Illegal mining: better than cocaine

By bogotapost June 4, 2015
Colombia illegal mining

60 percent of the country’s illegal mines produce gold. Photo:

Mike Mackenna delves into some of the complex issues raised by illegal mining

The headlines have been full of illegal mining recently after a major armed force crackdown and the collapse of a gold mine trapped 15 workers. The issues raised by mining – both legal and illegal – run deep into the fabric of society, with financial pressures jostling against environmental and human rights concerns, and the ever present spectre of organised crime.

The Armed Forces recently carried out Operation Anostomus, a coordinated raid on illegal mines in Colombia’s south east region. In total 600 soldiers and police took part in the mission, supported by 22 aircraft and almost a dozen boats which combed hundreds of kilometres in the departments of Guainia, Vichada, Vaupés, Guaviare and Caqueta. The forces nabbed 59 people, including 12 members of the FARC, and they destroyed nine camps and eight laboratories.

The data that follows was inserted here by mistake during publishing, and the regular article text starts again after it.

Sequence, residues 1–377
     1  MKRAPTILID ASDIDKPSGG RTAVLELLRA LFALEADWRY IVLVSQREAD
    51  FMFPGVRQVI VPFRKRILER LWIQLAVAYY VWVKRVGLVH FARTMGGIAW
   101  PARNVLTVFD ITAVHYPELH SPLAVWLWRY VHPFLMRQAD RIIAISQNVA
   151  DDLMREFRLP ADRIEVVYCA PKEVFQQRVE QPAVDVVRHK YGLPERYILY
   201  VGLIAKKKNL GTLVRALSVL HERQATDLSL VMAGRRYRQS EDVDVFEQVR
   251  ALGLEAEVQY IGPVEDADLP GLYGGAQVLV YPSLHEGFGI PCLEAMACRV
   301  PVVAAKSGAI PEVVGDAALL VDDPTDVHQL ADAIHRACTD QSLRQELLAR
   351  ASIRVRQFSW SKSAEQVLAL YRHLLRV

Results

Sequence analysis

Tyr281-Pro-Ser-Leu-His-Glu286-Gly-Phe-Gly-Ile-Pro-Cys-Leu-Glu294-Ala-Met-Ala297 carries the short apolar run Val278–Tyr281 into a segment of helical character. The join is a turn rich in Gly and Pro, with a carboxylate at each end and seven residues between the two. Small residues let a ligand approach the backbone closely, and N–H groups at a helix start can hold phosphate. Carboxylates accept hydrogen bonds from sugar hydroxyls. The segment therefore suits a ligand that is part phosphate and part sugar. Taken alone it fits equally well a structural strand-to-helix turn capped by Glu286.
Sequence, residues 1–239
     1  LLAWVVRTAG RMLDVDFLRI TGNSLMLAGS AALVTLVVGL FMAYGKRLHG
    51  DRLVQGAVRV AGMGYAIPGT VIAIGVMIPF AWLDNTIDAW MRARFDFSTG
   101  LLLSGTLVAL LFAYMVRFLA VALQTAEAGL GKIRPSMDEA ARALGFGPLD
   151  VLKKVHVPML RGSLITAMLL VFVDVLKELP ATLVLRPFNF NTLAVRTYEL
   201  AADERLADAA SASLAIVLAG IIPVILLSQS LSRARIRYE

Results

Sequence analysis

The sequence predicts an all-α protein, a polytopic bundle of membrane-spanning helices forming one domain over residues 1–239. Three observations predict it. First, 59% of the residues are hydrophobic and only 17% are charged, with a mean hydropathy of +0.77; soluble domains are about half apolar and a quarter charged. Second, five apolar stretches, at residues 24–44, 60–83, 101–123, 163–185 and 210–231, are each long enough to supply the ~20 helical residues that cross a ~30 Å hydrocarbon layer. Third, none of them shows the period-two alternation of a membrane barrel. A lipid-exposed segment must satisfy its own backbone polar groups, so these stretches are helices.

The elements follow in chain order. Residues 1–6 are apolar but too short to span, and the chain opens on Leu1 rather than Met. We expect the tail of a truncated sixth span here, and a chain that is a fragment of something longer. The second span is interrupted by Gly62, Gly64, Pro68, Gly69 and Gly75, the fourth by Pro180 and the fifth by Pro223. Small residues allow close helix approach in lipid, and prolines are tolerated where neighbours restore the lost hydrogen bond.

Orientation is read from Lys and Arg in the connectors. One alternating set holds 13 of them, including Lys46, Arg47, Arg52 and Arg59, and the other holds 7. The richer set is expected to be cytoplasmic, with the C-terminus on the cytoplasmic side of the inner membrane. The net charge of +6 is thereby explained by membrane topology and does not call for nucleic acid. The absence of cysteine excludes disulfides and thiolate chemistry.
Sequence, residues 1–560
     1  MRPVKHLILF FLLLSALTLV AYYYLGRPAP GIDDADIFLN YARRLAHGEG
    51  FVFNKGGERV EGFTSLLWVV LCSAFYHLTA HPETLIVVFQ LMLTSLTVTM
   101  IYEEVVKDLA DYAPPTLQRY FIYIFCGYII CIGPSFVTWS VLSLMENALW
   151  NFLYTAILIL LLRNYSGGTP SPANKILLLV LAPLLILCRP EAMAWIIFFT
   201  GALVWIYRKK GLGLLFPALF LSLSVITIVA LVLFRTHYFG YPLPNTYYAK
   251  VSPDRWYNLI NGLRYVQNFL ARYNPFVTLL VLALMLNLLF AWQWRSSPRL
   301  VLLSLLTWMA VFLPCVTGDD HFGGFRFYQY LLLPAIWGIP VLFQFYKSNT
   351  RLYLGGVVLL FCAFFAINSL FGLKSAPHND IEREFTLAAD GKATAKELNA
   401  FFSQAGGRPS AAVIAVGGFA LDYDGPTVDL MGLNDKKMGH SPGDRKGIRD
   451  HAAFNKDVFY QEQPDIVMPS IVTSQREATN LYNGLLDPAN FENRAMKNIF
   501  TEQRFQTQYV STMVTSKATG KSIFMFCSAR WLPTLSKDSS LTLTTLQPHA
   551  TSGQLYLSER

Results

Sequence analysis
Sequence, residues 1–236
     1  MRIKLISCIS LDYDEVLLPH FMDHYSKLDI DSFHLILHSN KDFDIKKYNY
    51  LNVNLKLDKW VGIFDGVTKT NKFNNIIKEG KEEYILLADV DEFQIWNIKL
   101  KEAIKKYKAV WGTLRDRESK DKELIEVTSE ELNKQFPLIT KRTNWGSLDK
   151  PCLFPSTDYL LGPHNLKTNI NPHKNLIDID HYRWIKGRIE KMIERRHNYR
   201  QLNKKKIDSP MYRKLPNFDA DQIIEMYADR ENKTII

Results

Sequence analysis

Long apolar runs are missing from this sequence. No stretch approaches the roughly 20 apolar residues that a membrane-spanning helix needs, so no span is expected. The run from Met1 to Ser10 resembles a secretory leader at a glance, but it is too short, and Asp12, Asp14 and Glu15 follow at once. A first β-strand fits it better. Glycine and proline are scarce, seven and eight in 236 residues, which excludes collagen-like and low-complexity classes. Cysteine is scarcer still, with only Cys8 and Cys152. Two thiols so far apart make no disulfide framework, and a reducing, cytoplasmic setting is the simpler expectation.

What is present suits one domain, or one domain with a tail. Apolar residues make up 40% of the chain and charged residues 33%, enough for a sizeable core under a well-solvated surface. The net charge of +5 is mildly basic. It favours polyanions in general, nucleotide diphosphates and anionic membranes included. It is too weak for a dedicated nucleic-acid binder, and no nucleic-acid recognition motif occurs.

You might expect that this was a drugs raid, but no, Operation Anostomus targeted what some are calling the “new cocaine”: illegal mining.

Colombia illegal miningThere are illegal mines operating in 24 out of the 32 departments in Colombia – and Semana magazine puts the total cash moved by the illegal mining industry at $45,000 million COP per month.

A kilo of cocaine is worth $4 million COP, and a kilo of gold is worth $90 million COP. Such direct comparisons are a little misleading since there are obviously wide differences in the production costs and the legality of the final product.

But there are also a number of similarities between the two industries.  Both operate in rural areas that are often outside of state control. Both provide an income to local communities, but do damage to those communities at the same time. The revenues from both fund guerrillas and organised crime.

Human costs

The recent mine collapse in Caldas that left 15 dead is just one in a string of similar tragedies, and one aspect of the human cost of these activities. Food and water sources have also been contaminated by the chemicals used.

In some areas, the dangerous levels of contamination led the Attorney General to ask the Health Minister to provide support to the numerous indigenous communities affected by the contaminated food supply.